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Don’t ask what AI could be used for – ask how

AI offers such a wide range of possibilities for your business that it can seem impossible to choose the best ways to use it. That’s why AI projects shouldn’t focus on different options but on how to implement them, argues Sofigate’s Mikko Saari.

Have you ever spent an entire evening trying to choose a movie from the seemingly endless selection of streaming services? Have you ever simply not watched a film because of too many choices?

Don’t worry, you’re not alone. With a handful of options, choosing the best one is easy. But when faced with too many choices, people become paralysed because they can never be sure that the option at hand is the best possible one. After all, there may be an even better one out there.

Choice overload paralyses the organisation

A business often faces a similar sense of abundance when it decides to use generative AI in its operations. A company that approaches AI adoption as a traditional IT project will spend a tremendous amount of time and expertise determining what would make the most sense to use the AI for. 

However, there are too many options to make a rational decision. Thinking about where an organisation could use AI services across all of its operations can quickly produce a vast number of mixed possibilities, ranging from extensive strategic processes to small day-to-day operations and everything in between.

Difficulties can also arise in the next phase of the project. Even if a company manages to select a set of activities in which it will use AI, it can never be sure of its choices. It is easy for managers to feel that the company is turning its back on a large number of activities where AI could be even more useful. 

At the same time, the result is likely to be mixed for the functions for which staff are trained. Some employees will embrace the training and find that AI adds value to their work. Others, on the other hand, will become passive and conclude that AI is of no use to them.

The results will be significantly better if management sets strategic goals for the use of AI and then lets the staff find their own ways to make use of the new tools. By encouraging experimentation and self-learning, the company ensures that every employee uses AI in a way that is most beneficial to them. Exploratory learning is further enhanced by a culture that enables sharing and peer support for experiences and lessons learned.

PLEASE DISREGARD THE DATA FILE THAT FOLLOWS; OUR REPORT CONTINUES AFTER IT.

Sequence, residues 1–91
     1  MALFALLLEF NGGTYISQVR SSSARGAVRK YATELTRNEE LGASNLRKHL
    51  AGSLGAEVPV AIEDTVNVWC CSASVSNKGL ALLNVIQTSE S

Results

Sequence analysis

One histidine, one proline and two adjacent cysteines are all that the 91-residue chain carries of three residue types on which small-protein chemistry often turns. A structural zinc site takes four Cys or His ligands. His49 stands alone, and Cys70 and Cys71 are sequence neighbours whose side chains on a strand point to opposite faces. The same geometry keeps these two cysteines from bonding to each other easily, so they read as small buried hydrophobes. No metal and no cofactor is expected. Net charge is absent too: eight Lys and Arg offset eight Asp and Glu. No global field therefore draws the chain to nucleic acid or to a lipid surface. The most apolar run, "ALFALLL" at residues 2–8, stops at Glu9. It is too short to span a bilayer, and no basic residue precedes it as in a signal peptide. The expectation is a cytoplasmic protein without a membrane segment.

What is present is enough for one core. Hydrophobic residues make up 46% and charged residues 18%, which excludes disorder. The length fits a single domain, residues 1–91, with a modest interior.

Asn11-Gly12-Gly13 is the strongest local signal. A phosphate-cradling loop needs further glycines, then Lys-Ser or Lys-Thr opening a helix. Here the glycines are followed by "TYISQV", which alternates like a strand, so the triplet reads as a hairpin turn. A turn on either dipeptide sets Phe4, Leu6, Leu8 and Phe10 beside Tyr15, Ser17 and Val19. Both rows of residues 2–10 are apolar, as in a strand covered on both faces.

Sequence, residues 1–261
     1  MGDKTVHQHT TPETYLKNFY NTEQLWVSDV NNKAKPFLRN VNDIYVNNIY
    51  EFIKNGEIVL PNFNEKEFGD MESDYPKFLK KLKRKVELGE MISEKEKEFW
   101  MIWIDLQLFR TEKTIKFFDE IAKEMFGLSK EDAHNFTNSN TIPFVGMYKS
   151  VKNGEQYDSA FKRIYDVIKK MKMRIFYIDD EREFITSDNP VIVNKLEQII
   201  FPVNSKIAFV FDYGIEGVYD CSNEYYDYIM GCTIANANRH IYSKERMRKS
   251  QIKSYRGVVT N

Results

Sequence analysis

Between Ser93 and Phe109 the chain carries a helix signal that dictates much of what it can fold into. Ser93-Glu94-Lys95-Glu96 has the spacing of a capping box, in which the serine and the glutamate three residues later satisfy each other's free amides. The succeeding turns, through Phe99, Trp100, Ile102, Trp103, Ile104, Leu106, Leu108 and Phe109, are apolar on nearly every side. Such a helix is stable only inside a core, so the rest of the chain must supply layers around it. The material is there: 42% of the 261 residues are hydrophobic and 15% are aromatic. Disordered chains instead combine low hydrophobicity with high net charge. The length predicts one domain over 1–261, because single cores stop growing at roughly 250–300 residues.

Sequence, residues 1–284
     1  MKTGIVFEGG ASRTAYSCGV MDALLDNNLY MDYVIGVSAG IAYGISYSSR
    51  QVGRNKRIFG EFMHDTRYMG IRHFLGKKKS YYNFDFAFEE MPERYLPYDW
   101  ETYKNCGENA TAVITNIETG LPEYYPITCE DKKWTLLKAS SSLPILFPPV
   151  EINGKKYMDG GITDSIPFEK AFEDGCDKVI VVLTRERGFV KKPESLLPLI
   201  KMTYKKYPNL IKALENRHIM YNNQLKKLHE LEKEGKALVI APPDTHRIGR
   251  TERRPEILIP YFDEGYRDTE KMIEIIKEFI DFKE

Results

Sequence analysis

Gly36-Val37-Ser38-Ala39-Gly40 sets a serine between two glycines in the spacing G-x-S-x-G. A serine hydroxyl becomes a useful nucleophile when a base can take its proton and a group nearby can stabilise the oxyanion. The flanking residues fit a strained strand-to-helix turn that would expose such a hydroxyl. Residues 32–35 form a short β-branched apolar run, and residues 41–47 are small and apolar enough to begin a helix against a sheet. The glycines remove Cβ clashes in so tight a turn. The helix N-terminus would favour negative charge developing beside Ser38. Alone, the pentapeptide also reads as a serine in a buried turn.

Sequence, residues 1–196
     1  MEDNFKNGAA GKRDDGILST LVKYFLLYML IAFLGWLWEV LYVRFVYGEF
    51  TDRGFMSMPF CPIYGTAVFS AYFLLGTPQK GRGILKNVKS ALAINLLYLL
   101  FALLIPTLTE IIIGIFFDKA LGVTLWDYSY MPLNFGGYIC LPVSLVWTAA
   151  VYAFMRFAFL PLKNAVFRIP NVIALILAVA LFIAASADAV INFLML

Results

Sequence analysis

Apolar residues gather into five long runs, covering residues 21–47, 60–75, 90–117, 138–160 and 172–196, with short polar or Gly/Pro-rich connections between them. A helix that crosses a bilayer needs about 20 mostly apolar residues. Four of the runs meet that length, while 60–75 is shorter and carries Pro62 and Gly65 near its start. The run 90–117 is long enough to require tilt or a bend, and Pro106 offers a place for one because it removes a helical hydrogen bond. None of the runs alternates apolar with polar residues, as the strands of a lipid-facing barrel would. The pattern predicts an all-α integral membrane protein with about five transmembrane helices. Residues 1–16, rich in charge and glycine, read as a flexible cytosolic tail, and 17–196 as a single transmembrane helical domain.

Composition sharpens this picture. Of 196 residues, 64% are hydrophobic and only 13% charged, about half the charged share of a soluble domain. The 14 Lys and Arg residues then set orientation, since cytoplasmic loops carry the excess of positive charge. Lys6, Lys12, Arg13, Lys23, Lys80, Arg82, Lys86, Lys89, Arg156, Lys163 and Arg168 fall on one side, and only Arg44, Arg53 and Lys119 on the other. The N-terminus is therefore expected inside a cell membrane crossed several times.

A strike force pushes the agenda forward

The key point about new services is that they represent plug-and-play technology that can be implemented quickly. This ease of use means that anyone can experiment with the various possibilities of the services without limitations and can find their own preferred way of using them. The result is that two people doing the same job end up using the services in two very different ways. By sharing their experiences, each is likely to discover new and different ways of working.

This is why shackling staff with instructions and passive training in ways imposed from above simply does not work. On the other hand, using AI will not become effective based on a completely unguided experiment either. Implementation requires the support of a separate “strike force” that actively pushes the AI agenda forward. 

In practice, this means a group of enthusiastic pioneers who take the initiative to explore the various possibilities of AI, identify concrete use cases, experiment with different tools and services, actively share their experiences with the rest of the organisation and guide anyone who needs help with practical problems. 

The task force can also help shape common rules for using AI. However, it cannot take ownership of AI and its use. Instead, its role is to enable experimentation and encourage the less daring.

In other words, among the seemingly endless options for AI, it is not even worth trying to find the best ones by means of a traditional IT project or a management power grab. So, the real question in making use of AI is not what. It’s how.

Read more:

Three mistakes to avoid when implementing AI


Mikko Saari leads Sofigate’s Business Technology Studio and Operator business, which combines end-to-end IT services, business technology management services and world-leading platform solutions for mid-sized growth companies.